There have been reports highlighting the symptoms of anxiety and depression seen concomitantly with statin administration in several patients. In a study published this month in the Journal of Biochemistry by Dr Amitabha Chattopadhyay, receptors for serotonin, a neurotransmitter in the brain that controls mood, were observed to be impaired by lowered cholesterol levels from the use of statins.
Other alarming reports of cognitive related problems and memory loss have also been noted. Yeon-Kyun Shin, a biophysics professor at Iowa State University in the department of biochemistry, biophysics and molecular biology, wrote a recent opinion suggesting that lower levels of cholesterol from statin use in certain people may impair brain functions such as cognition, emotion, decision making and memory. Shin’s opinion was published last year in the Interdisciplinary Bio Journal.
Dr Uffe Ravnskov, a well renowned Swedish scientist, a vocal critic of statins, who has published extensively in scientific journals, believes that the side effects are much more frequent and serious than have been reported.
It is surprising to note how so many doctors continue to naively fall prey to propaganda and claims of over inflated benefits from the drug companies trying to expand the use of statins. Many doctors have become so stubbornly brainwashed by the pervasive marketing behind these drugs that they seem to have lost the ability to look at research critically. In many instances they have recklessly subjected their patients unnecessarily to the side effects of these drugs. Are doctors so busy with so many patients that they don’t have time to critically analyze the data? Is there a more subtle mechanism in place that is influencing their judgment?
Dr Golumb mentioned that a few years ago six of the nine experts that were in the powerful influential panel of the National Cholesterol Education Program (NCEP), responsible for setting the cholesterol guidelines in the US, failed to initially disclose their ties to pharmaceutical companies. After they were exposed by an investigative reporter they currently do list such conflict of interests. Statins are among the most prescribed and profitable group of drugs in the world.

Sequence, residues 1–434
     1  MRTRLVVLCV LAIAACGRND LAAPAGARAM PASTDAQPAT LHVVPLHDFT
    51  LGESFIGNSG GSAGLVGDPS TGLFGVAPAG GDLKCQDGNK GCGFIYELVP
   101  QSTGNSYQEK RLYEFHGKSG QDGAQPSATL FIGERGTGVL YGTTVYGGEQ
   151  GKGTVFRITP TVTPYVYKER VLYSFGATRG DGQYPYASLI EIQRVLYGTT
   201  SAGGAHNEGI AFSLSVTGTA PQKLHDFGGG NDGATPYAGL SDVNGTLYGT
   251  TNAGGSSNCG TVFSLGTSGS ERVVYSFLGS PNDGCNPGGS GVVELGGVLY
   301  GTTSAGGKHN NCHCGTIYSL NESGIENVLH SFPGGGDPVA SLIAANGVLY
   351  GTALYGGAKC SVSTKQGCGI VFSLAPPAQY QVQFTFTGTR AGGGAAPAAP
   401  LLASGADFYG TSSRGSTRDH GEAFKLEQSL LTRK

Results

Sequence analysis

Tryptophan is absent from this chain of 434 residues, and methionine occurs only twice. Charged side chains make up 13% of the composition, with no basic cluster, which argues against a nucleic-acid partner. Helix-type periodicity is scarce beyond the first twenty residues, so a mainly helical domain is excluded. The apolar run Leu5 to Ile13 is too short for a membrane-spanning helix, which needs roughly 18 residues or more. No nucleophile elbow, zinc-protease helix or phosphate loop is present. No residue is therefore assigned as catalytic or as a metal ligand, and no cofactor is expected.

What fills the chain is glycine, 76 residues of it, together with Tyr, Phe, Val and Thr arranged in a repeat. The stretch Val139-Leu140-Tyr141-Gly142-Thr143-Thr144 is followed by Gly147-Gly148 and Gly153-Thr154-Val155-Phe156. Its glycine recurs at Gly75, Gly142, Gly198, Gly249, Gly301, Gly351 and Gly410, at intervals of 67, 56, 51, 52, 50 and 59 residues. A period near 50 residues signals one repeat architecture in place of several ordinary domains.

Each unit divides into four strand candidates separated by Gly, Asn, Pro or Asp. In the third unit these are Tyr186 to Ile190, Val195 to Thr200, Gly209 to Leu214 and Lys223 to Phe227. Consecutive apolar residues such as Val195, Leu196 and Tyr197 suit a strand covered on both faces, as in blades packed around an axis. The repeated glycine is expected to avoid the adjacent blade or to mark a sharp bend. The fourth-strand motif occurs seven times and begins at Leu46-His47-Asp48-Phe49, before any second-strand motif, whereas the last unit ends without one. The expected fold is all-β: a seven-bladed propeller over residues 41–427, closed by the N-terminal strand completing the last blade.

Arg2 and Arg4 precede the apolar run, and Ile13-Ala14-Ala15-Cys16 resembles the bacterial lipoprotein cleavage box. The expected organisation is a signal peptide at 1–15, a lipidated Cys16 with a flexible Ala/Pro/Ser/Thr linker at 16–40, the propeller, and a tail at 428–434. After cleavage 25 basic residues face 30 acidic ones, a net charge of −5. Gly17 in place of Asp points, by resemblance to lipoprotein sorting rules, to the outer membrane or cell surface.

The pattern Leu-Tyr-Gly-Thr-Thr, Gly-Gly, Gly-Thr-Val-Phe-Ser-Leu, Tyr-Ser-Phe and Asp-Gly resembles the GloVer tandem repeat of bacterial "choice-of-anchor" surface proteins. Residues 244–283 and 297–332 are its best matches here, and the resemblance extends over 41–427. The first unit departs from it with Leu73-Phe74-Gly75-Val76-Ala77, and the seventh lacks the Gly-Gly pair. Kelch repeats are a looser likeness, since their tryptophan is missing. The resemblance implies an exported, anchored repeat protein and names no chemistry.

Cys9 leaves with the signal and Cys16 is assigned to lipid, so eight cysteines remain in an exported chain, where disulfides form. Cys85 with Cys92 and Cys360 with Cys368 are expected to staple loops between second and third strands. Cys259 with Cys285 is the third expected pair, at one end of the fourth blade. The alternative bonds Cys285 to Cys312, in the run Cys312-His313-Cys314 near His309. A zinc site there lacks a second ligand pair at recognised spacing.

Most debates and critical roundtables that doctors participate in have been stifled and are strategically geared towards the financial interests of the drug companies. In order for doctors to maintain their licenses in the United States they must fulfill continued medical education (CMEs) hours every year. Dr Gerald Reaven, an American endocrinologist, professor emeritus at Stanford University medical school, who is world renowned for his research in diabetes and for having coined the term Syndrome X, believes that the drug companies undeniably have a major role in the continued education of doctors in the US.
Dr. Raven told me that, “a substantial number of physicians giving a talk at educational efforts (that count for CMEs) at a hospital which they do not work at receive their honorariums directly from a drug company or from a grant the hospital has received from one of those companies. Moreover the slides the speakers use to present at most of these meetings are also produced by the drug companies.”
There certainly appears to be a conflict of interest when the drug companies so pervasively influence the continued medical education of doctors. The last major revision of the US guidelines, in 2001, issued by the panel of the NCEP, increased the number of Americans for whom statins are recommended from 13 million to 36 million, most of whom do not yet have but are estimated to be at moderately elevated risk of developing coronary heart disease. One is left to wonder how many are taking these drugs unnecessarily.
Ricardo Guerra is an Exercise Physiologist. He has a Masters of Science in Sports Physiology from the Liverpool John Moores University. He has worked with several clubs and teams in the Middle East and Europe, including the Egyptian and Qatari national teams. email@example.com